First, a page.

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    Author(s): P. Bayman; D. J. Lodge; P. Angulo-Sandoval; Z. Baez-Ortiz
    Date: 1998
    Source: Mycological research. Vol. 102, no. 8 (1998).:p. 944-948.
    Publication Series: Miscellaneous Publication
    PDF: View PDF  (125 KB)


    Xylaria species are common endophytes in tropical plants. It is not known, however, whether transmission of Xylaria occurs horizontally or vertically, whether individual Xylaria strains have wide host ranges or are host-specific, or how they are dispersed. We compared frequency of Xylaria endophytes in leaves and seeds of two tree species in Puerto Rico, Casuarina equisetifolia (Australian pine) and Manilkara bidentata (ausubo). These trees were chosen because they differ markedly in morphology, habitat, distribution, and origin. In C. equisetifolia Xylaria was significantly more frequent in leaves than in seeds. Xylaria was isolated from seeds of trees in inland parks, but never from seeds of trees growing on beaches. This suggests that vertical transmission of Xylaria may be possible but is not necessary for infection. In M. bidentata, Xylaria was isolated from 97% of leaves but was never isolated from seeds, suggesting that transmission is entirely horizontal. Seedlings raised in a greenhouse far from other M. bidentata trees had a level of Xylaria infection as high as seedlings in the forest, suggesting that inocula can come from other sources and endophytic strains are not host-specific.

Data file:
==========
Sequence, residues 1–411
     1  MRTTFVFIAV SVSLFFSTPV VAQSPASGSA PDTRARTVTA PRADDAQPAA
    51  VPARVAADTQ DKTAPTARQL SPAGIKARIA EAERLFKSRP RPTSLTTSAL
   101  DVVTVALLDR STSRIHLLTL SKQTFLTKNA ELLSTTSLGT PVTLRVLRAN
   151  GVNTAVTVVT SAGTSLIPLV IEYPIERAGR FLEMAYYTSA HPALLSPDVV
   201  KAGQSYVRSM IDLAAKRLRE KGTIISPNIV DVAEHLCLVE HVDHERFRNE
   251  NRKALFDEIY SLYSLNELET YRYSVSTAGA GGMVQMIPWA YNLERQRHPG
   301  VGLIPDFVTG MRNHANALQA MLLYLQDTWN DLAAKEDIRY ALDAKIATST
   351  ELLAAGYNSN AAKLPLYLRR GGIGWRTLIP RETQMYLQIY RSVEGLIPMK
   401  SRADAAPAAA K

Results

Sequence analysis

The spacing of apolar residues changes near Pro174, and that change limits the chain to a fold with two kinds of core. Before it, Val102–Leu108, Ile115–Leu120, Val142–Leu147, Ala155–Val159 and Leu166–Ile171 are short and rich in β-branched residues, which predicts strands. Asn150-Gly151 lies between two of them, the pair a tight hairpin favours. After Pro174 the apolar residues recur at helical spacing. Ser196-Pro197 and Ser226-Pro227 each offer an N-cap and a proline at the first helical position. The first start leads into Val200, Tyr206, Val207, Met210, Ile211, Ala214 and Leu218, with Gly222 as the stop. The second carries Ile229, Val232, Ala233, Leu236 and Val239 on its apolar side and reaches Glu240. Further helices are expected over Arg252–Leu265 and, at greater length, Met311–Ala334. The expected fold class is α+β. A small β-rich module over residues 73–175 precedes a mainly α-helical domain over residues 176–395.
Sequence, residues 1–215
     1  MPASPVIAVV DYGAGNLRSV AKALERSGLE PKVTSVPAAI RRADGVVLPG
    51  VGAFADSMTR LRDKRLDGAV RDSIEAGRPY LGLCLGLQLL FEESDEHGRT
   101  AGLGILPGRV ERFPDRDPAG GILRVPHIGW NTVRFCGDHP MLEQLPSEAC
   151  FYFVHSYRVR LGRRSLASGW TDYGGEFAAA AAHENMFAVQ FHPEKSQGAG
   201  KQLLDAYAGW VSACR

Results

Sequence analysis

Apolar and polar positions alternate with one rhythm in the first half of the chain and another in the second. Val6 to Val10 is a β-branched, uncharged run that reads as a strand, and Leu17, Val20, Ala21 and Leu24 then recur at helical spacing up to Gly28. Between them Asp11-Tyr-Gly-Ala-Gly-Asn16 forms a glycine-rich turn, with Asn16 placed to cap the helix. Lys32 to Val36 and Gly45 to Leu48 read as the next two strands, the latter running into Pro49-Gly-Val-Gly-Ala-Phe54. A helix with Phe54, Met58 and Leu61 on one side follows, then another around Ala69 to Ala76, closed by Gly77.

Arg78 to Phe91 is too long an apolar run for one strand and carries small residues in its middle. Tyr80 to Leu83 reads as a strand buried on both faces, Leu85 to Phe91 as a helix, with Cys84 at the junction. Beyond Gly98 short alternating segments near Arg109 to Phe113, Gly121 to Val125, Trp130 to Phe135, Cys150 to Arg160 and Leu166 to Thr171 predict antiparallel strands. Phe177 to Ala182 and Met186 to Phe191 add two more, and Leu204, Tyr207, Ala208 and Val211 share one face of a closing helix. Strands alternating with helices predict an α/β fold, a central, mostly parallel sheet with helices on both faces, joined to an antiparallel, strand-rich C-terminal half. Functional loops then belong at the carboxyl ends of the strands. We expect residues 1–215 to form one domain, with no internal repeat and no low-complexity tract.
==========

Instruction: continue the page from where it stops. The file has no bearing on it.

Publication Notes

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    • This article was written and prepared by U.S. Government employees on official time, and is therefore in the public domain.


    Bayman, P.; Lodge, D. J.; Angulo-Sandoval, P.; Baez-Ortiz, Z. 1998. Distribution and dispersal of Xylaria endophytes in two tree species in Puerto Rico. Mycological research. Vol. 102, no. 8 (1998).:p. 944-948.


    Endophytes, Distribution, Dispersal, Transmission, Trees, Manilkara bidentata, Casuarina equisetifolia, Puerto Rico, Tropical plants, Xylaria

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